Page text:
going to be at the 5th,
D is at the 7th, E is at the 9th, F is at
the 10th,
G is at the 12th, if your mandolin will
play that high.
So this is a great thing to memorize, just
that simple space between four and
five here, B and C.
And, the nine and ten for E and F.
And later, we're gonna look at all the
other strings and
help you understand where the natural
notes are on those strings as well.
Now that you've learned the notes on the G
we're gonna look at all four strings and
find where all the notes are.
This is just gonna help you in so many
ways, folks.
Might need another cup of espresso for
So here's your finger board.
And we just went through the notes on the
G string.
This is G, A, B and C are next to each
At four and five, D at, at seven, E and
F at nine and ten and G.
This is your octave.
This is the 12 fret, the one with the two
pretty little dots.
So we go to the D string, we see the E at
the second fret.
Again, here's E and F right next to each
other just like they were back here.
G, A, B and C right next to each other.
And then D, there's your octave.
So let's, let's just look at the D chord.
The first D chord I ever showed you.
And how to bring that up to an E chord
[NOISE] was this.
[SOUND] Because this is your E note,
your bar and your middle two strings.
then you're playing the outside strings at
the fourth fret.
So to find the F,
[NOISE] simply going up one fret to this F
note, which corresponds to that F note.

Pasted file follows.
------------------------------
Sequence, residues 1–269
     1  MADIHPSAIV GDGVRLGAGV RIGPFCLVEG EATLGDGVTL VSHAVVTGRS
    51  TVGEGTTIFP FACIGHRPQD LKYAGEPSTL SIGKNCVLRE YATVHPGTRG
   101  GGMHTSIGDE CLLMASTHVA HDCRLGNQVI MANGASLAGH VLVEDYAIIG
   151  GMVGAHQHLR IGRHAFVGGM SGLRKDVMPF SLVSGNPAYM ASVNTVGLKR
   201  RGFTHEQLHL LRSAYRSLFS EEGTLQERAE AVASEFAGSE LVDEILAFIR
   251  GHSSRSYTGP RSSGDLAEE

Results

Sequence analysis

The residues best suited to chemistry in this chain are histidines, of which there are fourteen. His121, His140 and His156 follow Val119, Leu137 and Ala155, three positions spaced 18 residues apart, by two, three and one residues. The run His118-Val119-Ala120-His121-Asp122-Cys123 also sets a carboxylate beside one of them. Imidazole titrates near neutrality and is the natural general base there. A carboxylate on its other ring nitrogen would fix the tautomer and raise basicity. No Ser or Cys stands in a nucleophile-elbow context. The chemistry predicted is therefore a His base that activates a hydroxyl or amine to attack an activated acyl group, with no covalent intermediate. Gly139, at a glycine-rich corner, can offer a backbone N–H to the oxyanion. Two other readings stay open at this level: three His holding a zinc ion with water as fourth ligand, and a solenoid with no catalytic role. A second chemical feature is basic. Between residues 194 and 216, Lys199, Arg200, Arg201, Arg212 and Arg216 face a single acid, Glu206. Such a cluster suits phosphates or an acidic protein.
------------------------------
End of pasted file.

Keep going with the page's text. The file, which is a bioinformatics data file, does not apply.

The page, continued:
[SOUND] Go up to frets [NOISE] and
you got G [NOISE] which that corresponds
to that G note.
[NOISE] Two more is A.
Two more from there is B [NOISE] and
then guess what B and C are next to each
[SOUND] Nine and ten.
[SOUND] And then D is at the octave.
All right?
Now we'll look at the A string.
There's open A.
[SOUND] Second fret is B.
So B and C are right next to each other.
[SOUND] And remember the C chord, the
first C chord we showed you.
[SOUND] There's your C note.
Now move that chord up two frets [NOISE]
and you've got your moveable C chord.
It's a D now.
And the D is on the fifth fret.
[SOUND] F-sharp [NOISE] and it's the
fourth fret string and
the low A is on the second fret, low
[SOUND] Bring it up two frets [NOISE] and
you've got an E chord.
[SOUND] One fret [NOISE] to an F, E and F,
side by side.
Two frets to a G.
And two [NOISE] more frets to an A.
So [NOISE] that's your other moveable
Now, let's go to the first string.
Your G chord.
Puts the G note right here on
the third fret.
Now, if we move that chord up [NOISE] two
frets we've got an A chord right there at
the fifth fret.
[SOUND] Two more is B.
[SOUND] And here is B and C right next to
each other.
[SOUND] That's at the fifth fret is the C
or in the case of the high string.
You've got the eighth fret.
[SOUND] Tenth fret.
[SOUND] Little finger is the D and
[NOISE] the twelve fret is the E chord.
Another couple of ways to use this is to
go back to our bluegrass chop chord.
You know, the G.
Again, it's right here on the E string.
Move it up two frets to A.
Two frets to B.
One fret to C.
Two frets to D.
Two frets to E.
[SOUND] Let's do the same [NOISE] thing
with a bluegrass C chord.
[SOUND] And the C being [NOISE] at the
[NOISE] third fret on
the A string were gonna use that to find
where all those chords are.
Two frets to D.
Two frets to E.
One fret to F.
Two fret to G.
Two frets to A.
And you are ready to rock, baby.